Opening a Roth IRA is probably going to be one of the best decisions you’ve ever made. So if you already have one, congratulations!
But what about once you’ve opened it? What next? A Roth IRA is completely useless if you don’t INVEST the money in your Roth IRA.
In this blog post, I’m going to go over 3 of the best Roth IRA investments. Anyone of these investments can make you a tax-free MILLIONAIRE.
I’ll also make a recommendation on how to decide which is the best strategy for YOU. As with so many things in life, there’s never one right answer – because the best investment for you may not be the best investment for me – so I want you to be as educated as possible so that you can be in full control of what happens to your money.
Watch the video below or keep reading!
Use your Roth IRA for growth-focused investments
Since with the Roth IRA, you’ll never have to pay taxes on your investment gains, it makes sense to use your Roth IRA for high growth investments. Because typically, more profits = more taxes – but not if those investments are inside your Roth IRA.
Not only this, but the Roth IRA is a long-term vehicle so it also doesn’t make sense to invest for passive income in your Roth IRA. You can’t live off the money anyway until you turn 59.5, so instead of focusing on passive income, why not focus on growth?
This rules out a lot of investments. For example, bonds, or money market investments like CDs and short-term Treasuries. Because you don’t want to “waste” the tax shield of the Roth IRA on investments that return only 1% or 2%, or worse… 0%.
So assuming you’re not about to retire like next year, you want growth-focused investments for your Roth IRA. In other words… you want to invest in STOCKS. Let’s talk about the 3 ways to invest in stocks for your Roth IRA.
#1 – Target Date Funds
By far the easiest investment for your Roth IRA is a Target Date Fund (or TDF for short). A target-date fund is a mutual fund that contains 3-4 different index funds. Essentially, it’s a “fund of funds”. You’ll usually see a domestic stock fund, an international stock fund, a domestic bond fund, and sometimes an international bond fund.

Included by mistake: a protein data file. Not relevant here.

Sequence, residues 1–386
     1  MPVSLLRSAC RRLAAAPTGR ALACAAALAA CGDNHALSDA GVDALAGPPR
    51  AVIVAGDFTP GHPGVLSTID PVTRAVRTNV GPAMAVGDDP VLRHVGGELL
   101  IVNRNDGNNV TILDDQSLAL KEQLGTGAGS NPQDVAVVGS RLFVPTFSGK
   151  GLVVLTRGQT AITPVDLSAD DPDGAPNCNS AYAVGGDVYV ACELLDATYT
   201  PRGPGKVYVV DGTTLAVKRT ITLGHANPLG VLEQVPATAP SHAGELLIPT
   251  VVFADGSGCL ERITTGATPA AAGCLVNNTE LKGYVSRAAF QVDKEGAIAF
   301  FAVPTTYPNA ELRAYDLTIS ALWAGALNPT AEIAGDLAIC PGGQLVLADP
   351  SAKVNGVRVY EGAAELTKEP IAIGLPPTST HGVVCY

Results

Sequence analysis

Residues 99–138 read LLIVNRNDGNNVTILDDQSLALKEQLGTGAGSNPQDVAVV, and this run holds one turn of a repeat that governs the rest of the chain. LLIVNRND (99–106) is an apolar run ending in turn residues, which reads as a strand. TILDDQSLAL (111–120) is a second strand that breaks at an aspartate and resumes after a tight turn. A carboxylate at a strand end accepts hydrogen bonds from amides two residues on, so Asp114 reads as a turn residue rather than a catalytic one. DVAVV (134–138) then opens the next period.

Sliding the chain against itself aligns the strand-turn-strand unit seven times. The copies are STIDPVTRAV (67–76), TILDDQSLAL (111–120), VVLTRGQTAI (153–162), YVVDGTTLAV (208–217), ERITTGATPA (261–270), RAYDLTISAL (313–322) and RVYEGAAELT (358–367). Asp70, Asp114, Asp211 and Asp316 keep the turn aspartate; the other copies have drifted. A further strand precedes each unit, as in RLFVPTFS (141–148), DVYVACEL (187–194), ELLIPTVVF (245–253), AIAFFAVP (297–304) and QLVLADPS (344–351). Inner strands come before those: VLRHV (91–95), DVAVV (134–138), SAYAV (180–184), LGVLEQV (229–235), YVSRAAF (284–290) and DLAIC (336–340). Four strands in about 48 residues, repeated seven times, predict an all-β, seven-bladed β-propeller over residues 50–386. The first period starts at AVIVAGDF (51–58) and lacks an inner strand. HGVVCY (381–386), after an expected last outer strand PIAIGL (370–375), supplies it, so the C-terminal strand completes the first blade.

TDFs automatically pick a blend of investments for you based on your approximate age, and then it readjusts that blend as you approach retirement age. That’s why the name of a TDF always has a year attached to it. For example, the Fidelity Freedom Index 2055 Fund – this is for the appropriate TDF for a 30-year-old who would retire sometime around the year 2055.
Every TDF has a target retirement year as part of the fund name, so finding the right TDF for you is really easy. You just figure out which year someone your age would retire, and you invest in a good TDF with that year.
A 2055 fund is going to be more heavily weighted towards stocks than, say, a 2025 fund. That’s because if you’re planning to retire very soon, you don’t have the luxury of waiting for a recovery in the event of a stock market downturn. So having more bonds gives you stability.
If more American owned TDFs during the last recession, they would have been much better off. I know it’s a sensitive topic, but when you hear about people who lost half of their retirement in the 2008 stock market crash, many of them had too much of their portfolio in stocks, and or they sold everything and missed out on the recovery.
Ramit Sethi, personal finance guru and best selling author of I Will Teach You To Be Rich recommends TDFs for the vast majority of people. He talks about how TDFs are the ultimate set-it-and-forget-it investment, and they cost a lot less than using a roboadvisor.
Sure, you can achieve higher returns with other investing strategies (like the ones I’ll tell you about later in this video), but these other investing strategies all require more work and more effort. Which most people aren’t willing or able to do. That’s why TDFs are the logical choice for MOST people.
So given how easy and automated they are, TDFs are a no-brainer investment option for your Roth IRA.
#2 – Index Funds
The second Roth IRA investment I want to talk about is index funds. This strategy is similar to TDFs, except it’s much more DIY. The TDF gives you a complete, optimally allocated portfolio in one convenient package. With index funds, you have to basically build it yourself. You not only have to decide on asset allocation and find the right index funds for it, but you also need to rebalance your portfolio at least once a year.
This option is good for you if you want a little more control over your investments than a TDF.
For you, Type A nerds and control freaks out there… you’ll probably want to do it this way. I’m with you. I personally do index funds in one of my accounts.
I follow an asset allocation recommended by David Swensen, the legendary portfolio manager of Yale’s $30B endowment fund.
He recommends allocating:
- 30% in Domestic Stocks
- 15% in International Stocks
- 10% in Emerging Markets
- 15% in U.S. Treasuries
- 15% in inflation-protected U.S. Treasuries
- and 15% in Real Estate